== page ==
The inconsistent observations warrant more examination of the role of SIRT1 gene in human longevity. Therefore, in this study, we attempted to analyze the association between common variations in the SIRT1 gene and human longevity in a Chinese population from Hainan Island.
A total of 1,462 unrelated Chinese subjects were included in the present study: 616 long-lived individuals (LLIs) and 846 controls. All LLIs were ≥ 98 years of age at the time of recruitment (mean age: 102.4 ± 2.3 years, 38 Li and 578 Han people, 102 males and 514 females). The gender ratio in the LLIs was 83.4 % females vs. 16.6 % males, and 93.8 % of LLIs was Han Chinese. The control subjects were 30–70 years old (mean age: 48.9 ± 10.6 years, 69 Li and 777 Han people, 159 males and 687 females) and matched the LLIs by gender, ethnical ancestry and geographical origin in the Hainan Island. Based on the sixth national population census database of the People’s Republic of China in 2010, among China’s 31 provinces, autonomous regions and municipalities, the largest number of centenarians per 10,000 inhabitants aged 65 years or over is in Hainan (16.64), followed by Guangxi (7.00), Guangdong (6.07), Xinjiang (5.25), Shanghai (3.98) . All subjects gave informed consent and the study was approved by the Ethics Committee of Hainan Medical College and by the local data protection authorities.
SNP selection and genotyping
Six SNPs (rs12778366, rs3758391, rs3740051, rs7896005, rs10823107 and rs4746720) were selected from the phase II HapMap Han Chinese (CHB) population [HapMap release 27 (Feb 2009), NCBI Build 36], and are able to tag 82 common SNPs of the SIRT1 gene and its 5 kb up-/downstream region (chromosome 10: 69309433..69353147 43.72kbp) with r 2 greater than 0.90 and minor allele frequency (MAF) ≥0.05 (Additional file 1 Table S1). Other three common SNPs (i.e., rs33957861, rs12413112 and rs11599176) were selected from the 1000 Genomes Project database.
The genotypes of all SNPs were determined, blind to subject status, using a custom-by-design 48-Plex SNPscan™ Kit (Cat#:G0104; Genesky Biotechnologies Inc., Shanghai, China), which was developed according to patented SNP genotyping technology by Genesky Biotechnologies Inc.. As described by Chen et al. , it was based on double ligation and multiplex fluorescence polymerase chain reactions.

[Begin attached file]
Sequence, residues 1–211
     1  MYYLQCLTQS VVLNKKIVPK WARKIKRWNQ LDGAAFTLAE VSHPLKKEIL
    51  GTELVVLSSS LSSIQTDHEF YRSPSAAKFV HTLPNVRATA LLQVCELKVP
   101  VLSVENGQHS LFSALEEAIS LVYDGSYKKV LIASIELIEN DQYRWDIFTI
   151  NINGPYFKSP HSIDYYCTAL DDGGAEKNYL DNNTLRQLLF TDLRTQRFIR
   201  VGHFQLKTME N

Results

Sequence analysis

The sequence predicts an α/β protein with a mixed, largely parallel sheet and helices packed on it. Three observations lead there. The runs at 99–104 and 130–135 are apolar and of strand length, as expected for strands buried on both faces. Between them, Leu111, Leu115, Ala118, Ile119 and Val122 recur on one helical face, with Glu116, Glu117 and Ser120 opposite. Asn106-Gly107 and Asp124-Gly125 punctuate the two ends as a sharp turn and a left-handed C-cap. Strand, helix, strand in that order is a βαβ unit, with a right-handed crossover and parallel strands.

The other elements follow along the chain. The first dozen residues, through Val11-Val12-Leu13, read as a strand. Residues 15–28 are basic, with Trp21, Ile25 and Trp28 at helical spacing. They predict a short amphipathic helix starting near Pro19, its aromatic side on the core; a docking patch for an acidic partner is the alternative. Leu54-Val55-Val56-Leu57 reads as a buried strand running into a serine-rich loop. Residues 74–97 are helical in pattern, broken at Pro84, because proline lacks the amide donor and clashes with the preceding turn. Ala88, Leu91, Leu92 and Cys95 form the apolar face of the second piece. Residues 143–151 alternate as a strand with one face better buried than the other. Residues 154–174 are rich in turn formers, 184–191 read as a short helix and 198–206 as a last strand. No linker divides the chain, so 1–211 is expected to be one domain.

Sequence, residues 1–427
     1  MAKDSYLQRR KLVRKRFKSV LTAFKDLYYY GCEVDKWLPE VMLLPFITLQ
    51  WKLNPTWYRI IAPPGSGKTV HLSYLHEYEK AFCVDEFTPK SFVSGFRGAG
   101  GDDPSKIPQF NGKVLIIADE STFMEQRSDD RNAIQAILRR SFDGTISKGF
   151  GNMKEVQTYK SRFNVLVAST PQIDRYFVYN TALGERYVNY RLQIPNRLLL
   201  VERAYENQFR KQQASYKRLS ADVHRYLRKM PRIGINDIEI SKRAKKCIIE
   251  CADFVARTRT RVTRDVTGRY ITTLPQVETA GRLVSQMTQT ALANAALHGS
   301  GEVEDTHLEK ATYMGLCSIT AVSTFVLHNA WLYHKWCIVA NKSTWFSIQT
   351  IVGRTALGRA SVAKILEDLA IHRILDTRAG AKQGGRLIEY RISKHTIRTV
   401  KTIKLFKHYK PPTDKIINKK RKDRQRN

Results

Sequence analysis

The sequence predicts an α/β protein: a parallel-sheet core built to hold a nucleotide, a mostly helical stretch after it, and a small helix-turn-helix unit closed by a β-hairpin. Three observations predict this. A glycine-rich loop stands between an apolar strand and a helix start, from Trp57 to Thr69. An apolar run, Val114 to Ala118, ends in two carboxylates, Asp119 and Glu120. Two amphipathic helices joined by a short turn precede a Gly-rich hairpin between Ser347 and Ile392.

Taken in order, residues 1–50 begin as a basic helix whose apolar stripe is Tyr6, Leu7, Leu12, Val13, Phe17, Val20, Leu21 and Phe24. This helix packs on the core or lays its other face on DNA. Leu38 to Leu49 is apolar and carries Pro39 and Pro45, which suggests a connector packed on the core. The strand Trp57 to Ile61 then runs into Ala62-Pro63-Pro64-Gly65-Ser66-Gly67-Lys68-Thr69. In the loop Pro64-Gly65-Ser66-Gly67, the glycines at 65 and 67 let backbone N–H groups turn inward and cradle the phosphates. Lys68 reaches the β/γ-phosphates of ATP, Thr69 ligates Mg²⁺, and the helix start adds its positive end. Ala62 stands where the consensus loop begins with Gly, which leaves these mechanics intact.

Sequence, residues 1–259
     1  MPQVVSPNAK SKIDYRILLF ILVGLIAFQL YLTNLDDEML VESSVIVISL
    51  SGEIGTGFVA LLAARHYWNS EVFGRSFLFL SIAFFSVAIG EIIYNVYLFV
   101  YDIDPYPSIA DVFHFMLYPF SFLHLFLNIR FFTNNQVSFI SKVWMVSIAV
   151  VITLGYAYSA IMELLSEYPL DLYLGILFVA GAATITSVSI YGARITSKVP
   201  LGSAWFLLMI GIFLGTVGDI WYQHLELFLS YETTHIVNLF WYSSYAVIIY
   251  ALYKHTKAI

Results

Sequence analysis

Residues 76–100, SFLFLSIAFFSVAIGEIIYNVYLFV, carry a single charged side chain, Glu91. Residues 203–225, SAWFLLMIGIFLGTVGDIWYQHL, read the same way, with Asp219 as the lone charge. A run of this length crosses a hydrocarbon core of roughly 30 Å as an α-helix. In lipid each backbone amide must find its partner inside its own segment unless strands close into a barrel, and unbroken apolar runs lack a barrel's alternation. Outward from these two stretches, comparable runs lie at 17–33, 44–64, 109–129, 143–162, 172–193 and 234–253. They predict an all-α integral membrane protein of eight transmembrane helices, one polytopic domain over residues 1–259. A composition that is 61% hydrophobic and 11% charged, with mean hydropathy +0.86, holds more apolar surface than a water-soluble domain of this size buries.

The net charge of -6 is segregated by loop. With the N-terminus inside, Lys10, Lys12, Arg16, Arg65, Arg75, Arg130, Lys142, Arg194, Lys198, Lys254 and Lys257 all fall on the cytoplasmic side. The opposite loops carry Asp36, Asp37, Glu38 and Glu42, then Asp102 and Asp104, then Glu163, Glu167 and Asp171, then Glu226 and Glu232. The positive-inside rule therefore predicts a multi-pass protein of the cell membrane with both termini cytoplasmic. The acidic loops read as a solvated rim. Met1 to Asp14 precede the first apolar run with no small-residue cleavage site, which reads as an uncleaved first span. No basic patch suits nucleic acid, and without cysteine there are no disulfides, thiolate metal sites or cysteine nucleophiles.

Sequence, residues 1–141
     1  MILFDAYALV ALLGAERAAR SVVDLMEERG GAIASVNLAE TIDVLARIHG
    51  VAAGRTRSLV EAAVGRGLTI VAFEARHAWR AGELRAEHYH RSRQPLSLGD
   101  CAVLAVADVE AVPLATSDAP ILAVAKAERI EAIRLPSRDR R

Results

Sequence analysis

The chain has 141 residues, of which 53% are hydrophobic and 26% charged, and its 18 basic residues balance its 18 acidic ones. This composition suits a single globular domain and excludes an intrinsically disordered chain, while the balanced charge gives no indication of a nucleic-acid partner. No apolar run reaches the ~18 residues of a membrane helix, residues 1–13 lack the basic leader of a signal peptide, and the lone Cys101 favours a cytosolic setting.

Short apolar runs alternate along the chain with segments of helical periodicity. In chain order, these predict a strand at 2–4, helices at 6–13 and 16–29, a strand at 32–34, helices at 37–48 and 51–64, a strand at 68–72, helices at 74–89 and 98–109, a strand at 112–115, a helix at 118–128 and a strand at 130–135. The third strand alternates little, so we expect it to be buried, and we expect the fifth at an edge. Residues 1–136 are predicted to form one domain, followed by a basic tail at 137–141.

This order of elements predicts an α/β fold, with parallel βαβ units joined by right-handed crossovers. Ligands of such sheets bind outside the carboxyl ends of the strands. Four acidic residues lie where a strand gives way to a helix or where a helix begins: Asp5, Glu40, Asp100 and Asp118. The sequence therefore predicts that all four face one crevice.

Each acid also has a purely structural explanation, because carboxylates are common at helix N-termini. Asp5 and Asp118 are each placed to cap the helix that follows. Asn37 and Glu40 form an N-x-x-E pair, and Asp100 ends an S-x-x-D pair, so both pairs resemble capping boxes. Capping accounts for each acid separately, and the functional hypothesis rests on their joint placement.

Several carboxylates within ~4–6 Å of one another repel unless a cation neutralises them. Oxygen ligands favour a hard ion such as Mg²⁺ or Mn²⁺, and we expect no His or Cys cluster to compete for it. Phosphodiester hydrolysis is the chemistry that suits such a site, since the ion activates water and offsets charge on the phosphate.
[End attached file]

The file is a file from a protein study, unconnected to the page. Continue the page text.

Primary information for single-nucleotide polymorphisms (SNPs) genotyped
SNP location in gene
Major > Minor allele
T > C
T > C
A > G
C > T
A > G
G > A
A > G
3′ untranslate region
T > C
SNPStats (http://bioinfo.iconcologia.net/SNPstats_web), which is a web-based software tool, was used for all analyses. All P values presented in this study are two-sided, and P ≤ 0.05 was used as threshold of statistical significance. Departure from HWE of each SNP frequency was assessed using an exact test in control subjects. Odds ratios (ORs) and 95 % confidence intervals (CIs) were calculated to describe the strength of association between certain SNPs and human longevity.
The D’ and r 2 statistics were determined to represent linkage disequilibrium (LD), and a D’ value of ≥0.8 indicated the related SNPs formed one block. The association parameters of human longevity were estimated for each haplotype by comparison with the most frequent haplotype. Effects associated with rare haplotypes (frequency <0.5 %) were estimated after combining them as one. Finally, the SHEsis software (http://analysis.bio-x.cn/myAnalysis.php) was also adopted to yield similar haplotype block structures, D’ and r 2 compared with SNPStats.
Genotype and allele frequencies of SIRT1 polymorphisms in the long-lived individuals and controls
427 (69.3 %)
578 (68.3 %)
169 (27.4 %)